To make it easier for agents to single out the proper conversation in a stream of signals, every Clipper Chip has its own electronic identity and broadcasts it in every message it scrambles.
Federal agents conducting a court-authorized wiretap can identify the code electronically and then formally request the special keys that allow an outsider to decipher what the chip has scrambled.
Federal officials say they expect companies to incorporate the chip into consumer phone scramblers, cellular phones and "secure" computer modems. Within a few years, FBI officials say, they expect the Skipjack code to be part of almost every encryption device available to the average consumer.
Many companies say they are leery of adopting the sophisticated electronic code, even though it could protect them from foreign intelligence agencies and competitors seeking their trade secrets. But AT&T, which has a long history of cooperating with the government on communications surveillance, has already agreed to recall the company's consumer scramblers and refit them this fall with the new chip.
Even without Skipjack and the Clipper Chip, advanced computers and electronic databases already have expanded government's ability to track and monitor citizens.
Searches of phone records, computer credit files and other databases are at an all-time high, and court-authorized wiretaps--which listened in on 1.7 million phone conversations last year--monitor twice as many conversations as a decade ago, federal records show.
The General Accounting Office says that federal agencies maintain more than 900 databanks containing billions of personal records about U.S. citizens.
This type of easy access to electronic information is addictive, critics contend.
Since the FBI set up its computerized National Criminal Information Center in 1967, for example, information requests have grown from 2 million a year to about 438 million last year, and the criminal justice database itself now encompasses 24 million files.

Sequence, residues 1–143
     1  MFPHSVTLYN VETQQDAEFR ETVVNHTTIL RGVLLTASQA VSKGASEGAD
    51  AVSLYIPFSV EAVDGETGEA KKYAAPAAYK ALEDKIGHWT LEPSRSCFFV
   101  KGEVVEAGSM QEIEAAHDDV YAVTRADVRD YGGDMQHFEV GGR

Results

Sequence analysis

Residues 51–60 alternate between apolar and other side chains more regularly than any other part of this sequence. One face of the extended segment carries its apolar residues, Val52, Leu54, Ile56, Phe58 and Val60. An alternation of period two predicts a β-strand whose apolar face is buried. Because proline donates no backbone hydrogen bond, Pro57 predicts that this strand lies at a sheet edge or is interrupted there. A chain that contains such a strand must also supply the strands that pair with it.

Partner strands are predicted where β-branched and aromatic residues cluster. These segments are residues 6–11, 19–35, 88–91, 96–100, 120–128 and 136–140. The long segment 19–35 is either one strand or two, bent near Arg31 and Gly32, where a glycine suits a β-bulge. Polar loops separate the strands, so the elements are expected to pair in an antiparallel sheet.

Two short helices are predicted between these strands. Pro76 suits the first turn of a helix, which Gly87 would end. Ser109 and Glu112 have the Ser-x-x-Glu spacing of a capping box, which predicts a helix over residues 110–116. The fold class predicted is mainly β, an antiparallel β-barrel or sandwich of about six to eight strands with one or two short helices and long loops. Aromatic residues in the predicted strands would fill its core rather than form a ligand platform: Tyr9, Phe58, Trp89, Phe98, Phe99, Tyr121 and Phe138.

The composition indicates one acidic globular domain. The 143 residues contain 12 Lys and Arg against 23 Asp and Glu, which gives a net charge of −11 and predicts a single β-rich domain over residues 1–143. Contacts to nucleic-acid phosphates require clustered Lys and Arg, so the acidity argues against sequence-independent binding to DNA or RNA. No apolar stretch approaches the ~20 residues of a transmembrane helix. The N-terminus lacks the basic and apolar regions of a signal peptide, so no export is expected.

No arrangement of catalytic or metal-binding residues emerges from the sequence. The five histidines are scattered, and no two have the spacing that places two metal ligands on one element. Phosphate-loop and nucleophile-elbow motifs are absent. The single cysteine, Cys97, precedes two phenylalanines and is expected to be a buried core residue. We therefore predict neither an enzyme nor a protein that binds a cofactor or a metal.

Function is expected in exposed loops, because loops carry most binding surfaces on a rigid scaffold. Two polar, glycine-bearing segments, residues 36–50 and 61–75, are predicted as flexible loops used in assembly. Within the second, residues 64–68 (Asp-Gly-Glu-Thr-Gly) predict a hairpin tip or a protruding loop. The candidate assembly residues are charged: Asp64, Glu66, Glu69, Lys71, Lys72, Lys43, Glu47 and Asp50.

The FBI records system, like computer files at the Internal Revenue Service, is "routinely" used for unauthorized purposes by some federal, state and local law enforcement agencies, the General Accounting Office said.
GAO auditors found that some police agencies have used the FBI system to investigate political opponents. Others have sold FBI information to companies and private investigators. In Arizona, a former law enforcement official used it to track down his estranged girlfriend and kill her, the auditors reported.
What the government can't find in its own files, it can obtain from any one of hundreds of marketing firms that specialize in compiling electronic dossiers on citizens. The FBI is seeking authority from Congress to obtain those records without consulting a judge or notifying the individual involved, which is required now.
Information America, for example, offers data on the location and profiles of more than 111 million Americans, 80 million households and 61 million telephone numbers. Another firm specializes in gay men and lesbians.
A third, a service for doctors called Patient Select, singles out millions of people with nervous stomachs.
Computer experts say encryption can draw a curtain across such electronic windows into private life.
In fact, the FBI is planning to encrypt its criminal justice computer files.
"Recent years have seen technological developments that diminish the privacy available to the individual," said Whitfield Diffie, a pioneering computer scientist who helped invent modern cryptography. "Cameras watch us in the stores, X-ray machines search us at the airport, magnetometers look to see that we are not stealing from the merchants, and databases record our actions and transactions.
"Cryptography," he said, "is perhaps alone in its promise to give us more privacy rather than less."
NEXT: Inside the company that makes the secret chip.
Scrambling for Privacy
As more people and companies adopt codes to protect their telephone calls, faxes and computer files, the federal government has proposed a national encryption standard that will allow people to protect their privacy while ensuring that law enforcement agents can still wiretap telecommunications. Here is how it would work:
1. When someone using a Skipjack-equipped secure phone calls another secure phone, chips inside the phone generate a unique electronic code to scramble the conservation.
2. The chip also broadcasts a unique identifying serial number.
3. If a law enforcement agent wants to listen in, he first must obtain a court order and the get the chip's serial number from the signal.
4. The agent obtains takes that number to the Treasury Department and the National Institute of Standards and Technology, which keep the government's digital keys to the chip.
5. The keys are combined to unscramble the conversation. When legal authorization for the wiretap expires, the keys are destroyed.
The Skipjack Code
Designer: The National Security Agency.